By Chioma Obinna & Amarachi Adiele

THE Medical Rehabilitation Therapists Board of Nigeria, MRTB, has called for the establishment of a one – stop National Medical Rehabilitation Centre in the six- geopolitical zones of the country that would bring all professionals involved in rehabilitation of disabilities together to ensure prompt access to health and guarantee better outcomes for persons with disability.

PRESS CONFERENCE: From left; Senior Lecturer/ Consultant Ergonomics Physiotherapist, Mr. Udoka Okafor, the Registrar and CEO, MRTB, Mrs. Akanle Olufunke and a Consultant Audiologist, Mr. Barnabas Vangerwua during a press conference in Lagos to announce first ever international conference for Medical Rehabilitation Professionals rlast week in Lagos.

The therapists are also seeking government’s commitment towards formulating remedial actions to make care of persons living with disability better in Nigeria even as they called for the formulation of a disability policy and bill for its inclusion in the National health Policy.

To this end, MRTB is organising first ever International Conference for Medical Rehabilitation Professionals with the theme: “Medical Rehabilitation Services in Community and Primary Health Care in Nigeria and Sub-Sahara Africa” aimed at optimising rehabilitation services in Nigeria.

At a press conference in Lagos on the forthcoming International Conference, the Registrar and Chief Executive Officer, MRTB, Mrs. Akanle Olufunke lamented that only 4,000 medical rehabilitation therapists are serving 170 million Nigerians.

Akanle noted the need to pay attention to disabilities as the World Health Organisation (WHO) Global Disability Action Plan 2014-2021 that declared disability as a global public health and human right issue.

She said the all encompassing rehabilitation Centre  is expected to house professionals such as physiotherapy, occupational therapy, speech therapy, Chiropractic and Osteopathic Medicine, audiology, prosthetics and orthotics amongst others. He said persons living with any form of physical or congenital conditions encounter widespread barriers in accessing healthcare and related services, with worse health outcomes than people living without disabilities.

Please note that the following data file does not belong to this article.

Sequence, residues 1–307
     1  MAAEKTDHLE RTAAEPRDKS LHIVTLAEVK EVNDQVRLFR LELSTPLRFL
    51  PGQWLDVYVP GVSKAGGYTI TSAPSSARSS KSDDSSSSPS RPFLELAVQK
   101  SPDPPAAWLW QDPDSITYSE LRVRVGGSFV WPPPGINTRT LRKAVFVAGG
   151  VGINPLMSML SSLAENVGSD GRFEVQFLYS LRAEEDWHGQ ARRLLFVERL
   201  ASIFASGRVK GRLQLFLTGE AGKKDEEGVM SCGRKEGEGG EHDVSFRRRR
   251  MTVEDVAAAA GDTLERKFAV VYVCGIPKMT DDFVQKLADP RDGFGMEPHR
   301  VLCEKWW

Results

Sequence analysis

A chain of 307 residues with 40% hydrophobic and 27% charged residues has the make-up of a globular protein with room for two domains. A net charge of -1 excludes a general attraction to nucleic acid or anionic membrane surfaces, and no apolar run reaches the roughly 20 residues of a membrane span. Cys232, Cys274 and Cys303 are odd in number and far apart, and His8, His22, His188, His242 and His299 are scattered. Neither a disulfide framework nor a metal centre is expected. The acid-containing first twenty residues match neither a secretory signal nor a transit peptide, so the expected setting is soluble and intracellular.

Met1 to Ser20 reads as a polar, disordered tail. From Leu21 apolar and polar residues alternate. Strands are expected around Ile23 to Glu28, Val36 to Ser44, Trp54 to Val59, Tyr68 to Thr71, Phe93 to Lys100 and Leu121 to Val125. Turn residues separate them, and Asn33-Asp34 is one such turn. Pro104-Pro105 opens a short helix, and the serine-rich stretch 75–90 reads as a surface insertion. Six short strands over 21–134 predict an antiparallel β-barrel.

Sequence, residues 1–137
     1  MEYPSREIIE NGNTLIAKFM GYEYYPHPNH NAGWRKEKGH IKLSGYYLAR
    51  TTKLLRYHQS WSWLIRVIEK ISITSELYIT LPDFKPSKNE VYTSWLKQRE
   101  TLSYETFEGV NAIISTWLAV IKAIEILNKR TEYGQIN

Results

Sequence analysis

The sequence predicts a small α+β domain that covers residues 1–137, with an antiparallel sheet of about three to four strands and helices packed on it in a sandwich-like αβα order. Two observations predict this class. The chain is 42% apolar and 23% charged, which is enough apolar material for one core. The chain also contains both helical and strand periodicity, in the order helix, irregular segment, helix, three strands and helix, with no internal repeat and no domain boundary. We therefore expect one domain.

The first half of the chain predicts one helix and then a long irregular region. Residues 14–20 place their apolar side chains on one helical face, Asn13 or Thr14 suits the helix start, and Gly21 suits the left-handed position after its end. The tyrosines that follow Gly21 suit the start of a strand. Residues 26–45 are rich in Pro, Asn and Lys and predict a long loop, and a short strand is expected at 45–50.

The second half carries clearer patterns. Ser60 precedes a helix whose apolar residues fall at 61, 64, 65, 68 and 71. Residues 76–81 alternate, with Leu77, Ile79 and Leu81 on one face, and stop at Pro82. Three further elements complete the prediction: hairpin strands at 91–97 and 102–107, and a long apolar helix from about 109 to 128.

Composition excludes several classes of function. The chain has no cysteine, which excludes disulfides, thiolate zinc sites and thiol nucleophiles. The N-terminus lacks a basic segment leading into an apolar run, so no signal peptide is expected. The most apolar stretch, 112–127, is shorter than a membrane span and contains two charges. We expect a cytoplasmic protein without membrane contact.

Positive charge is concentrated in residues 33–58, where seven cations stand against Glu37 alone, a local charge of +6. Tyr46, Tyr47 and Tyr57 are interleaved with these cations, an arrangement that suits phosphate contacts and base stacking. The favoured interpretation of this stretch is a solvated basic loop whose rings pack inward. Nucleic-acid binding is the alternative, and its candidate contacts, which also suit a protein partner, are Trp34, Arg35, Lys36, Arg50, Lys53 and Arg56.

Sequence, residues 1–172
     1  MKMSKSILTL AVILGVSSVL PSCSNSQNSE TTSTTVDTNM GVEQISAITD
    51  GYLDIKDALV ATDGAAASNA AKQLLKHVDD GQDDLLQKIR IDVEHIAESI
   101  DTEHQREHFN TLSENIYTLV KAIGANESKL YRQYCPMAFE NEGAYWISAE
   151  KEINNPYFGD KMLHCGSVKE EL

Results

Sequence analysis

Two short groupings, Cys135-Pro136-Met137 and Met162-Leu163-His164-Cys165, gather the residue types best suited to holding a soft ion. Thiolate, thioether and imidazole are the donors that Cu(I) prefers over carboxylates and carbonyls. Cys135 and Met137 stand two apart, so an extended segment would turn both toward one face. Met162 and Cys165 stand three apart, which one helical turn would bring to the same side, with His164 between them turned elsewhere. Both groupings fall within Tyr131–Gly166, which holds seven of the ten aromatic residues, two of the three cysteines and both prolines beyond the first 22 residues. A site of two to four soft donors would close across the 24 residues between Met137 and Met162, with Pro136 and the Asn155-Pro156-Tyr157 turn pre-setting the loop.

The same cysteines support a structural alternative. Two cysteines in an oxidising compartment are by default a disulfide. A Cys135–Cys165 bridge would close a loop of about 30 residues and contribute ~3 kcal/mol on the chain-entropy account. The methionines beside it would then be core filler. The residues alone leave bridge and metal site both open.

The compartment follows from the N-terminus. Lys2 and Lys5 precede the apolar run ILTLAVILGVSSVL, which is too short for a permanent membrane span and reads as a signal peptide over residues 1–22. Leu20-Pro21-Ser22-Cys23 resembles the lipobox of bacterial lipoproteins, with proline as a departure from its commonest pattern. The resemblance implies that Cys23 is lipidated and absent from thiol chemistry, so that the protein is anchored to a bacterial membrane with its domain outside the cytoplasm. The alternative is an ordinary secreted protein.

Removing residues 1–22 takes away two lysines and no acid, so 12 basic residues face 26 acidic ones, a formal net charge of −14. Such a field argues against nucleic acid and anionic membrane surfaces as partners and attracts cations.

“Persons living with disabilities require close monitoring, frequent consultations and visitations as part of the rehabilitation procedure, but there are an array of challenges that hinder the availability and accessibility of patients to the needed health services, irrespective of their health-seeking behaviour.”

On his part, Senior Lecturer/ Consultant Ergonomics Physiotherapist, Mr. Udoka Okafor explained that due to lack of rehabilitation centres in the country, the conference billed to hold September20-22, 2017 in Lagos, aimed to optimize rehabilitation services in the country.

The conference seeks to establish a multi-disciplinary relationship with all the medical rehabilitation professionals in Africa and across the globe for the exchange of knowledge and experience and in the partnership to collectively push for a common front which is the quest for a community based rehabilitation policy formulation and to include this platform in the national health policy.

On his part, a Consultant Audiologist, Mr. Barnabas Vangerwua who raised alarm on the increasing cases of communication problems among Nigerians, particularly due to high incidence of stroke patients said it has become very difficult for these victims to access services  in rural and urban areas. He said government should harness the resources and information and draw out a plan that would be able to take care of stroke and other communication disorders.

He said people with language deficits, such as stammering, if not arrested early, becomes difficult for the person to cope in the society.

“Nigeria is a signatory to universal newborn screening of the WHO programme. It is imperative that a policy have to be on ground so that all children born into the hospitals must be assessed before they are taken home and continue with routine assessment.”

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